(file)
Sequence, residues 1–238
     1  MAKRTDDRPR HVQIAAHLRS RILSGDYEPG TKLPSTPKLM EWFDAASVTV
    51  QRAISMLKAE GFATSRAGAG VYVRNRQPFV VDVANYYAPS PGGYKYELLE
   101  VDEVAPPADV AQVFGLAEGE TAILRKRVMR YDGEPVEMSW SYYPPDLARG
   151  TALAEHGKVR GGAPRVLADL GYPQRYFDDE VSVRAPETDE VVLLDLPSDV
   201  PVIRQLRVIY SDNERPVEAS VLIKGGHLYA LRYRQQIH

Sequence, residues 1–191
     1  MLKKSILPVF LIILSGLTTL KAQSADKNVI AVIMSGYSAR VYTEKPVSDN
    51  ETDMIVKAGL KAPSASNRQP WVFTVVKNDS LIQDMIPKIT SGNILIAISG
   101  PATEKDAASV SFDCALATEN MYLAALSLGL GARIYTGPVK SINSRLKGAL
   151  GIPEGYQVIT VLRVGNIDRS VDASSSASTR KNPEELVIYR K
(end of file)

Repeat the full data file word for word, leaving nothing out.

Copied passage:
Sequence, residues 1–238
     1  MAKRTDDRPR HVQIAAHLRS RILSGDYEPG TKLPSTPKLM EWFDAASVTV
    51  QRAISMLKAE GFATSRAGAG VYVRNRQPFV VDVANYYAPS PGGYKYELLE
   101  VDEVAPPADV AQVFGLAEGE TAILRKRVMR YDGEPVEMSW SYYPPDLARG
   151  TALAEHGKVR GGAPRVLADL GYPQRYFDDE VSVRAPETDE VVLLDLPSDV
   201  PVIRQLRVIY SDNERPVEAS VLIKGGHLYA LRYRQQIH

Sequence, residues 1–191
     1  MLKKSILPVF LIILSGLTTL KAQSADKNVI AVIMSGYSAR VYTEKPVSDN
    51  ETDMIVKAGL KAPSASNRQP WVFTVVKNDS LIQDMIPKIT SGNILIAISG
   101  PATEKDAASV SFDCALATEN MYLAALSLGL GARIYTGPVK SINSRLKGAL
   151  GIPEGYQVIT VLRVGNIDRS VDASSSASTR KNPEELVIYR K